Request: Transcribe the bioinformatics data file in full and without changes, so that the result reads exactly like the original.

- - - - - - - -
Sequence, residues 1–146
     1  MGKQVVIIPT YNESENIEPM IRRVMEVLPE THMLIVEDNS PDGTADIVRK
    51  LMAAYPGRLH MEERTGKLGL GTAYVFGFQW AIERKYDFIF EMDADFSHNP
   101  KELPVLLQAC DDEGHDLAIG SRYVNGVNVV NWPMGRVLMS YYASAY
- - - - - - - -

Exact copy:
Sequence, residues 1–146
     1  MGKQVVIIPT YNESENIEPM IRRVMEVLPE THMLIVEDNS PDGTADIVRK
    51  LMAAYPGRLH MEERTGKLGL GTAYVFGFQW AIERKYDFIF EMDADFSHNP
   101  KELPVLLQAC DDEGHDLAIG SRYVNGVNVV NWPMGRVLMS YYASAY